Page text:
More than half of the Hispanic community reported experiencing election-related stress in the survey by the APA last month. For undocumented immigrants, those fears are likely to be even more acute, said Susan Macios, director of the Family Counseling Clinic at the Hispanic Family Center of Southern New Jersey in Camden, N.J. “Our Mexican population has been expressing anxiety about deportation,” she said, adding that a Trump victory could send many of them into hiding.
The “election cycle has unleashed negativity and somehow given license to be mean and hateful. It has left deep scars on our society,” says Farha Abbasi, an assistant professor of psychiatry at Michigan State University and the managing editor for Journal of Muslim Mental Health. Verbal and physical attacks on Muslims, and even on people mistaken for Muslims, have caused mental trauma for an entire segment of American citizenry, she said.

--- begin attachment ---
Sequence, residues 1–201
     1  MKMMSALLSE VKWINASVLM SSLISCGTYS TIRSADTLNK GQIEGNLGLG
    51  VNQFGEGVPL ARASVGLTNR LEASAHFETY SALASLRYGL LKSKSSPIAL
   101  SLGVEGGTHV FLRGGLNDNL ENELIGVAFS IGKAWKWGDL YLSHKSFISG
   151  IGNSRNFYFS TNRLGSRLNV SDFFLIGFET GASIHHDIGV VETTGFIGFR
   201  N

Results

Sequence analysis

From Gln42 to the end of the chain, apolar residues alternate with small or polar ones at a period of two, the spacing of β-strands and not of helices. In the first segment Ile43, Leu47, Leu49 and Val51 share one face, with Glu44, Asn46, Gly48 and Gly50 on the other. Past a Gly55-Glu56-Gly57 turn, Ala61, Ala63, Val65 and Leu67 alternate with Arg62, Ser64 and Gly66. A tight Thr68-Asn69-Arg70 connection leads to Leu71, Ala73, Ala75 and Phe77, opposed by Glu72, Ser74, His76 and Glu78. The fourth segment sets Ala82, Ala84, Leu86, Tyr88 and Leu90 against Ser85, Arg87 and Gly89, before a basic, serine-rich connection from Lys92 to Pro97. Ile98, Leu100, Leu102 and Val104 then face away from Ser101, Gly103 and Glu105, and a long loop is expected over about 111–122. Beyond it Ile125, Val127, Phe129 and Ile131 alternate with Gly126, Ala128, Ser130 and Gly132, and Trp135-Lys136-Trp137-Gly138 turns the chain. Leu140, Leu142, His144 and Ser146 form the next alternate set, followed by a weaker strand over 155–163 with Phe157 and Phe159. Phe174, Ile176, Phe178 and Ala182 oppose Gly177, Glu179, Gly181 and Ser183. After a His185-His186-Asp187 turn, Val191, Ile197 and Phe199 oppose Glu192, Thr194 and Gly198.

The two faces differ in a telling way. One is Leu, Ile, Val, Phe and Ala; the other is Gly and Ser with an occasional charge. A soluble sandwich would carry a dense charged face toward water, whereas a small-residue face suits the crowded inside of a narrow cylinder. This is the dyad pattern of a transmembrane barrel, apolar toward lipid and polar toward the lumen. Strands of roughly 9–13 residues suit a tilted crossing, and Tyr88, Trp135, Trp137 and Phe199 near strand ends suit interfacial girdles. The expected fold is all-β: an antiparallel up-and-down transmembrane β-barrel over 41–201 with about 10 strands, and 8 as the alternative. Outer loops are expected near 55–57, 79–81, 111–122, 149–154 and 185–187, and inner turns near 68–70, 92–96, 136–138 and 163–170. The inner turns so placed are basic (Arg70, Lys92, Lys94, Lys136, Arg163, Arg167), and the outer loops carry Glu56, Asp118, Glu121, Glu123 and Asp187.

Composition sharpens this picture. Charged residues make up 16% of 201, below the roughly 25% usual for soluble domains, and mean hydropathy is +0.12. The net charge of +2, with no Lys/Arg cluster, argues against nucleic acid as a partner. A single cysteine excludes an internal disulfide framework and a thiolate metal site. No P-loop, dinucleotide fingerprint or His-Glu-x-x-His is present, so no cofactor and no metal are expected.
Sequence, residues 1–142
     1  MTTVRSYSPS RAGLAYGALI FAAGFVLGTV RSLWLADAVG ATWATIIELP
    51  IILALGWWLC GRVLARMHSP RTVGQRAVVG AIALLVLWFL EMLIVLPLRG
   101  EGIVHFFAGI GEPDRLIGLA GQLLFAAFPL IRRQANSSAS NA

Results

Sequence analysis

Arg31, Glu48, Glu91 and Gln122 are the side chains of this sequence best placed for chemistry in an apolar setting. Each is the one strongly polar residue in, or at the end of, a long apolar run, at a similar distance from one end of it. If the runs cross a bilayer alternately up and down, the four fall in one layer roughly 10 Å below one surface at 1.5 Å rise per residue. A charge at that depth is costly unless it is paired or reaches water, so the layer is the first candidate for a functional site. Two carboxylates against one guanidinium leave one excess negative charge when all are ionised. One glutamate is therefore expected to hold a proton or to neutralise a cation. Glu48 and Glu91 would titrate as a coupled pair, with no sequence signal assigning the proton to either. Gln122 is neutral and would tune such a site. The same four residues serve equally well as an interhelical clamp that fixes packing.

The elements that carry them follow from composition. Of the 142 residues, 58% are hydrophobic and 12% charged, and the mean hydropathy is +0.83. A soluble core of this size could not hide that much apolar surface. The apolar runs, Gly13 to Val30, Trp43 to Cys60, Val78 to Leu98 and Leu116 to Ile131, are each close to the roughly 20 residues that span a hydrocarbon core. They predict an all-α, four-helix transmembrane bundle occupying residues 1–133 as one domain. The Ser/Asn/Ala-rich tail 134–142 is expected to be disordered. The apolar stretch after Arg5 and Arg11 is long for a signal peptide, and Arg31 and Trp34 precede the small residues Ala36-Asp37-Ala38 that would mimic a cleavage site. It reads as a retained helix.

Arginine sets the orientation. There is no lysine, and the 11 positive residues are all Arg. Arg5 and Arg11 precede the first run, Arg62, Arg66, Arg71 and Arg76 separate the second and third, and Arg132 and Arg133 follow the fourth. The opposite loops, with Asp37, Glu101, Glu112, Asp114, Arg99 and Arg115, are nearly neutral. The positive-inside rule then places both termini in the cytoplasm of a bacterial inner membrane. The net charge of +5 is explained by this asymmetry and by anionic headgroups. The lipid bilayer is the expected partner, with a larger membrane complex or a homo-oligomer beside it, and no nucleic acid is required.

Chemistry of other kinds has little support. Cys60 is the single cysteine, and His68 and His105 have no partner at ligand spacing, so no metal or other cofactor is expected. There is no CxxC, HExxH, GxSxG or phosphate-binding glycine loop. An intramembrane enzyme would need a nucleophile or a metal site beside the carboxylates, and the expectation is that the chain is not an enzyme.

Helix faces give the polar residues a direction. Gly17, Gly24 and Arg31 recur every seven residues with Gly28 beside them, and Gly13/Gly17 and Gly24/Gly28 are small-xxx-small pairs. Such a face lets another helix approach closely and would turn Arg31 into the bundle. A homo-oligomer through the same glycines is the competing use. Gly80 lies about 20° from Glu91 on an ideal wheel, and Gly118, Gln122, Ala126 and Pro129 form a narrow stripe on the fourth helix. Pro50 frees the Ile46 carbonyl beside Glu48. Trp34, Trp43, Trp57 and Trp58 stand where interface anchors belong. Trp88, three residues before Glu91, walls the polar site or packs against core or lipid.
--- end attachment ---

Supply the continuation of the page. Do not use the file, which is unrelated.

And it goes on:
A report from Georgetown University (PDF) found that hate crimes against Muslims have spiked over the course of the presidential election. “We’re not imagining it,” Abbasi said. “It’s happening.”
Anxieties run deep as people of all ages and levels of religious observance find their loyalties being questioned, she said, pointing to the unvarnished bigotry triggered in some quarters by Trump’s candidacy.